Ambulances Queue Outside Hospitals, Endangering Lives

Ambulances queuing at the Royal London hospital last winter when many A&E departments were overwhelmed .

Paramedics in England cannot respond to an average of 117,000 urgent 999 calls every month because they are stuck outside hospitals looking after patients, new figures show.

The sheer amount of time ambulance crews had to wait outside A&E units meant they were unavailable to attend almost one in six incidents.

Long delays in handing sick people over to A&E staff means that 38,000 people may have been harmed last month alone – more than one in eight of the 292,000 who had to wait at least 15 minutes.

Of those left at risk of harm, 4,100 suffered potential “severe harm”, according to the bosses of England’s ambulance services.

The Care Quality Commission has warned in its annual report that the NHS is “gridlocked” and “in crisis” and that health service bosses fear long waits for care are so common that the risk of harm to those affected is “a worrying new status quo”.

The new data published by the Association of Ambulance Chief Executives (AACE) shows that crews were unavailable to attend about 4,000 incidents a day in September – about one in six of all 999 calls – because they were delayed for at least 15 minutes with a patient outside a hospital.

One patient had to wait 26 hours before being admitted to A&E to start treatment – the longest delay ever recorded.

It was reported yesterday that an unidentified patient died of a cardiac arrest in the back of an ambulance outside Fairfield general hospital in Bury, Greater Manchester, on Tuesday.

The hospital and North West ambulance service are investigating.

The AACE’s latest monthly statistical report on handover delays also shows that in September:

• A total of 673 patients had to wait 10 hours or more to be handed over to A&E staff – NHS guidelines say no one should wait more than 15 minutes.

• In addition, 45,000 patients were delayed for at least an hour and 21,000 for at least two hours – close to the highest numbers ever seen.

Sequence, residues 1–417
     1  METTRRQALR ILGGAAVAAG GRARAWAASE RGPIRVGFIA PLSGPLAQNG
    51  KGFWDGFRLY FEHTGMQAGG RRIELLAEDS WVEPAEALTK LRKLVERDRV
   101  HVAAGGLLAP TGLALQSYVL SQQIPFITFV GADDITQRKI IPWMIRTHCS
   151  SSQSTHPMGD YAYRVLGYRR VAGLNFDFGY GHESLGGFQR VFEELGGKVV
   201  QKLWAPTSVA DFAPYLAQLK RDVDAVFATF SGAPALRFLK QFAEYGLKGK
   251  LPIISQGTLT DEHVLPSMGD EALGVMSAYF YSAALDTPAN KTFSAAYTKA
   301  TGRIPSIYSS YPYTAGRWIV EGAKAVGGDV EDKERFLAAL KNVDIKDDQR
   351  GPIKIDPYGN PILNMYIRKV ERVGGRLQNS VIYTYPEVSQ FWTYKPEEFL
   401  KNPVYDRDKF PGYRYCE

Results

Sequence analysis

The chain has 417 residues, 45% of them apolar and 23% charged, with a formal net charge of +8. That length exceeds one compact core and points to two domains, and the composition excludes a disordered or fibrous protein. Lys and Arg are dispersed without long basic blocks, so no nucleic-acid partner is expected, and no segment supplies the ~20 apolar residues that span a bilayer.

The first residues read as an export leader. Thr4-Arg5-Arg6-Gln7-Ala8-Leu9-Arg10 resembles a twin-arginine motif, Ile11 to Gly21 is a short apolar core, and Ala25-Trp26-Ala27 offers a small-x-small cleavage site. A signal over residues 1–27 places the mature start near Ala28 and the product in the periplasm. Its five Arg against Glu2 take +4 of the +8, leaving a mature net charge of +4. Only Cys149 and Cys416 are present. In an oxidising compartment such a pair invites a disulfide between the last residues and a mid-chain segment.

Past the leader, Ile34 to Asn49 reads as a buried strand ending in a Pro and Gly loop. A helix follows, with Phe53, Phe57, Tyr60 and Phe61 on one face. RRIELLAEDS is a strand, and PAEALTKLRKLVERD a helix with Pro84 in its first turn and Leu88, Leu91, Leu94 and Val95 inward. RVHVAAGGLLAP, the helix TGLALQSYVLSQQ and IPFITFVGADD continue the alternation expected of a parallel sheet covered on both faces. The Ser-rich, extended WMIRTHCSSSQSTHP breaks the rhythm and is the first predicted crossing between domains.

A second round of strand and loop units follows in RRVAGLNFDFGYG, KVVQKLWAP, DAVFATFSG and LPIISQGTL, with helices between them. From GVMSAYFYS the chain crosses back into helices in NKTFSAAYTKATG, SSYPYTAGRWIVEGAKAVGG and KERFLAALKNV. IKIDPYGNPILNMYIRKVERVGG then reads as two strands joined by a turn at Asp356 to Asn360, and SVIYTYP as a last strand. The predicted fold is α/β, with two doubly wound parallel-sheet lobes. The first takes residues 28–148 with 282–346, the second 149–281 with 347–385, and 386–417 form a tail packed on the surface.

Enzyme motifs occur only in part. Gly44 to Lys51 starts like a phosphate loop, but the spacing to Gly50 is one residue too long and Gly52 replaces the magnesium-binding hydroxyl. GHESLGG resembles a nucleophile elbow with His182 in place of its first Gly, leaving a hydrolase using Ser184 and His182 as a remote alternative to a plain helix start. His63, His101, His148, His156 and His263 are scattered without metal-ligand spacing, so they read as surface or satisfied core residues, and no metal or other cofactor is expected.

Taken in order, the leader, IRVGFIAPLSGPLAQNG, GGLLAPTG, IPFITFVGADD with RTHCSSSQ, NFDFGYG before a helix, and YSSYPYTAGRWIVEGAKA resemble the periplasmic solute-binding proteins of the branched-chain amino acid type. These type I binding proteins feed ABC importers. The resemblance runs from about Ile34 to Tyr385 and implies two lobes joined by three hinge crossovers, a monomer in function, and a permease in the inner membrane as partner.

• While crews spent 558,000 hours attending incidents, they were unable to complete another 117,000 “job cycles”, which equates to 21% of total ambulance capacity – huge rises on the 45,000 job cycles or 7% of capacity seen in October 2019.

Martin Flaherty, the AACE managing director, said: “Our new data proves that hundreds of thousands of hours are being wasted each month by unnecessary handover delays at emergency departments.

In short, the situation has continued to deteriorate and is having an intolerable impact on our patients and staff.

“These unprecedented delays at hospital emergency departments are a twin threat.

“They cause significant harm to patients who are forced to wait in the back of our ambulances, while those resources are tied up and therefore unable to respond to patients who need us out in the community.”

Dr Adrian Boyle, the president of the Royal College of Emergency Medicine, which represents A&E doctors, urged ministers and NHS bosses to take decisive action to reduce the NHS’s overload.

“The urgent and emergency care system is failing patients and failing in its core function.

“Patients face long waits for an ambulance to arrive, long waits in emergency departments and long waits for a bed.

The NHS crisis demands leadership and requires decisions to be made to ensure the safety of patients.”

NHS England has been approached for comment.

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